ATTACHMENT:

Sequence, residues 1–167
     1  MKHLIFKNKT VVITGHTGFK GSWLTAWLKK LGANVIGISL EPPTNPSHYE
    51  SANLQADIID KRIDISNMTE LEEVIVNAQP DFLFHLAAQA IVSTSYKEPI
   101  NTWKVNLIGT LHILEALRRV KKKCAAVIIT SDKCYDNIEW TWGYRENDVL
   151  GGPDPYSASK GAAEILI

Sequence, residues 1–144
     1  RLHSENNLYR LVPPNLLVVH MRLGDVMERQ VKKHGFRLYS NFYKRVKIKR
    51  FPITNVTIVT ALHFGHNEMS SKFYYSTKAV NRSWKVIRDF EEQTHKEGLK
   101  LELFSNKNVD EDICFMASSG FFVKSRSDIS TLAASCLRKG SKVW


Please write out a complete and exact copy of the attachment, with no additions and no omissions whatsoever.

Sequence, residues 1–167
     1  MKHLIFKNKT VVITGHTGFK GSWLTAWLKK LGANVIGISL EPPTNPSHYE
    51  SANLQADIID KRIDISNMTE LEEVIVNAQP DFLFHLAAQA IVSTSYKEPI
   101  NTWKVNLIGT LHILEALRRV KKKCAAVIIT SDKCYDNIEW TWGYRENDVL
   151  GGPDPYSASK GAAEILI

Sequence, residues 1–144
     1  RLHSENNLYR LVPPNLLVVH MRLGDVMERQ VKKHGFRLYS NFYKRVKIKR
    51  FPITNVTIVT ALHFGHNEMS SKFYYSTKAV NRSWKVIRDF EEQTHKEGLK
   101  LELFSNKNVD EDICFMASSG FFVKSRSDIS TLAASCLRKG SKVW